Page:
So the big day is finally here and Microsoft has finally staked a claim on a part of the cloud; from now, you’ll be able to access your often-used Office suite of programs through a browser instead of having to install them from a CD or a pen drive as you’ve been doing all these years. Office Web Apps is now available on the cloud, so you can share your Word, PowerPoint, Excel and OneNote files with people on the same project and collaborate with your colleagues more easily. You no longer have to email documents and spreadsheets for revisions or approval and then wait for them to get back to you. Now it’s possible for others working with you to access them from the cloud, thus enabling real-time sharing of data.
Although Microsoft is a late entrant to the world of cloud computing and offering software as a service instead of asking customers to buy it outright as a product, it stands to gain because the product it is offering is the same, and it’s only the packaging that’s different. Most people have preferred to stick to MS Office rather than migrate to Google Docs, even though they can access it through their browsers, simply because they are used to the Microsoft environment. And this is why the cloud version will appeal to those who have been tempted to move over to Google Docs just because it was free and easier to collaborate on projects.
The biggest advantage that Microsoft stands to gain from moving some of its offerings to the cloud is that piracy will be minimized or even wiped out completely. If you have to use MS Office as a pay-as-you-go model instead of buying a CD with the software, how can it be replicated and distributed along piracy channels and so deny the company millions of dollars in revenue? So yes, we can expect piracy to reduce, and also expect Microsoft to give Google a run for its money!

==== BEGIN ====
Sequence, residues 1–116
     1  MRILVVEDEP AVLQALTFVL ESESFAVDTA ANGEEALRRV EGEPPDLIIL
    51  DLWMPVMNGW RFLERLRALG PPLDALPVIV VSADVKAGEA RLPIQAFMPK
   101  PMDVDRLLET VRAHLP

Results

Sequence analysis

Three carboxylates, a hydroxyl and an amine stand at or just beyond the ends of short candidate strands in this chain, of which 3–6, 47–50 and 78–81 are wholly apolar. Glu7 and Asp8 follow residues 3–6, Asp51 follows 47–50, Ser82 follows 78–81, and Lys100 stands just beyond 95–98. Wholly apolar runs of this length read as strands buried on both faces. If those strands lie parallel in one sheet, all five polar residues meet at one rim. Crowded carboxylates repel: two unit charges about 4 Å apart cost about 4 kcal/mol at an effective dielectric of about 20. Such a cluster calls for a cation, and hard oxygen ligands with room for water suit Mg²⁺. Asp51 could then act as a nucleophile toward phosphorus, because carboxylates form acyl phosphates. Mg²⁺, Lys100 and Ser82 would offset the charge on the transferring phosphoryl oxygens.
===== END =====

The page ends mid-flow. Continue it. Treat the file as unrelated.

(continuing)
Time will tell if Microsoft tastes success on the cloud, because although it has a long way to go to catch up with Google and the others who went down this route a while ago, this software giant enjoys a reputation and market share that cannot be beaten in the near future. So if they maintain quality and set a reasonable price, there’s no reason why Bill Gates’ baby cannot do well on the cloud.
By-line: This article is contributed by Susan White, who regularly writes on the subject of High Speed Internet Service. She invites your questions, comments at her email address: email@example.com.